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Natural Gas: Is a Polar Vortex Coming, and How Bad Could It Be?



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After overdrive into freeze territory, weather signals turn bearish somewhat 
Natgas’ front-month tumbles 7% following 5-day rally of almost 30%  
Gas bulls expect another round of rally from supply freeze-offs

Are we seriously looking at a polar vortex this December that could be as bad as in 2014? That’s what some weather forecasters had been alluding to, explaining the unbroken week-long rally in natural gas that lasted through Tuesday.

But a tempering of that outlook on Wednesday, amid the notion that the weather could actually be less frigid than thought, broke the back of that rally. 

Of course, natty — as it’s called in the trade — wouldn’t be natty if not for its volatility. On that score, Wednesday’s 7% tumble in gas futures on the New York Mercantile Exchange’s Henry Hub was considered “fair game,” coming after a near 30% jump over the past five sessions.

The hub’s front-month contract had gone from a six-week low of $5.34 per million British thermal units, or mmBtu, on Dec. 6 to a two-week high of $7.10 on Dec. 13.

Still, the profit-taking and correction that came on the back of the less-threatening weather outlook were jarring to some.

Alan Lammey, an analyst at Houston-based gas markets consultancy Gelber & Associates, said in an email to the firm’s clients seen by Investing.com on Wednesday:

“With only a little over a week to go before a massive polar vortex plunges into the U.S. and overspreads most of the nation with bitter cold, ice, and snow.”

Natural gas for January delivery on the New York Mercantile Exchange’s Henry Hub settled Wednesday’s trade down 50.5 cents, or 7.3%, at $6.43 per mmBtu.

Prior to that, the benchmark gas contract had gone from a six-week low of $5.34 on Dec. 6 to a two-week high of $7.10 on Dec. 13.

According to Lammey, Wednesday’s market reversal was notable because “the oncoming Arctic winter blast was likely to be the coldest for a December since 2010”.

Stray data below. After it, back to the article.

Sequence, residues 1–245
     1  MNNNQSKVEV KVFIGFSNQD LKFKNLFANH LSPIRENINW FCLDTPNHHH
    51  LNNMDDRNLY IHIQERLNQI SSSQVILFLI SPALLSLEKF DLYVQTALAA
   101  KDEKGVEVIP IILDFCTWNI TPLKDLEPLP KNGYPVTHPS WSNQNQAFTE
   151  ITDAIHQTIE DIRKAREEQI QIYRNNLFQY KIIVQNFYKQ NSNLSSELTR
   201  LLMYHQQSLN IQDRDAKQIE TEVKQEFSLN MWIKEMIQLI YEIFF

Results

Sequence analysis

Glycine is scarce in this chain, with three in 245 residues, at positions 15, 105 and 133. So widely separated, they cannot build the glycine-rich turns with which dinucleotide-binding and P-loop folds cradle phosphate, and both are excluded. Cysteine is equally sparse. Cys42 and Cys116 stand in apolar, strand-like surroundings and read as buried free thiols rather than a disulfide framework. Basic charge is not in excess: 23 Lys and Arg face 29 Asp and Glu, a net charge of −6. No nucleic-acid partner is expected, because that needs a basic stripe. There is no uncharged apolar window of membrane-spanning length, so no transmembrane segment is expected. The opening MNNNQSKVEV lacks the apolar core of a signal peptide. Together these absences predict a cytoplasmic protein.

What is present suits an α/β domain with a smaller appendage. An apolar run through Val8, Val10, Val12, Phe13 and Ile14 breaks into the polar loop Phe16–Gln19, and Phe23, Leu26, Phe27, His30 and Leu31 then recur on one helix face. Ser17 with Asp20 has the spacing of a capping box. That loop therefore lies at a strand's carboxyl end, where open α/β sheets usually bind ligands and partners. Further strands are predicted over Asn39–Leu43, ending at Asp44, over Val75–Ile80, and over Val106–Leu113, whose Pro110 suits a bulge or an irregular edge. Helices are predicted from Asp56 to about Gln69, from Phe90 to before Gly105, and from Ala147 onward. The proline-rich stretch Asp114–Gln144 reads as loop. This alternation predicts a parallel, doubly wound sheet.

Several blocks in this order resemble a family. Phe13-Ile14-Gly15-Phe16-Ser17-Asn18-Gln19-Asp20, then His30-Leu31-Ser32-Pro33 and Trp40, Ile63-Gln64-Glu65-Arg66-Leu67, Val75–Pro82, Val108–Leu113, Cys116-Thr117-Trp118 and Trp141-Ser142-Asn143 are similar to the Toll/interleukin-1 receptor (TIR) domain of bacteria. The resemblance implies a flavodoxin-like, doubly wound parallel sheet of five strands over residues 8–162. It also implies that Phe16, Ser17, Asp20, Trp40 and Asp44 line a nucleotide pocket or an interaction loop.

The last polar vortex occurred in 2014. Weather records show similar cold outbreaks prior to that, including several notable freezes in 1977, 1982, 1985, and 1989.

Prior to Wednesday, the U.S. Global Forecast System, or GFS, and the European weather model ECMWF had persistently shown the potential for a near-record cold period to last through the end of 2022.

That led hedge funds on the market to vigorously defend the $7 pricing for the Henry Hub’s front-month during the five-day rally, though gas bulls still couldn’t get past the $7.10 mark.

In the Gelber email, Lammey humorously referred to it as the “kind of price defense [that] can be equated to when an opposing basketball player blocks a beautiful slam dunk set-up and opportunity.”

“The result was that gas futures couldn’t break through to the next higher level in the mid-$7.20s to attract more solid bids and instigate a short-covering rally.” 

But the rally unraveled as weather models turned warmer the past 24 hours.

Weather changes aside, some gas bears were betting on gas storage inventories to be adequate through the year-end despite the looming Arctic outbreak. They even contend that some year-over-year premium is warranted in front of a returning storage deficit, stout export demand for LNG, or liquefied natural gas, and the potential for fuel switching to gas due to high coal prices.

Ahead of Thursday’s weekly gas storage update from the Energy Information Administration, or EIA, analysts tracked by Investing.com expect U.S. utilities to have pulled 45 billion cubic feet from stockpiles during the week ended Dec. 9, versus a 21-bcf drawdown in the prior week to Dec. 2.

Gas bulls also had their own take on why another rally or two might be in store before the year ends.

EBW Analytics Group analyst Eli Rubin said in comments carried by naturalgasintel.com:

“Despite modest erosion in the magnitude of cold, however, the broad pattern pointing to hefty increases in weather-driven demand later this month remains intact. 

Supply freeze-offs could compound market tightness. While downward pressure remains likely on a seasonal basis, the coming cold blast through the end of the year could still prompt another run higher first.”

In terms of supply, Wood Mackenzie pipeline estimates early Wednesday showed a roughly 2.0-billion cubic feet, or bcf. per day decline in domestic production. That put the total output at around 98.2 bcf per day. Just a few weeks ago, production stood at a high above 102 bcf daily.

Wood Mackenzie analyst Laura Munder attributed the lower output readings to pipeline maintenance and operational issues, advising clients to expect revisions for Thursday’s estimate.

Estimated production declines included roughly 635 MMcf/d in North Louisiana, around 415 MMcf/d in the New Mexico portion of the Permian Basin, and around 320 MMcf/d in Oklahoma, according to Munder.

Disclaimer: Barani Krishnan uses a range of views outside his own to bring diversity to his analysis of any market. For neutrality, he sometimes presents contrarian views and market variables. He does not hold positions in the commodities and securities he writes about. 

Source: Investing.com

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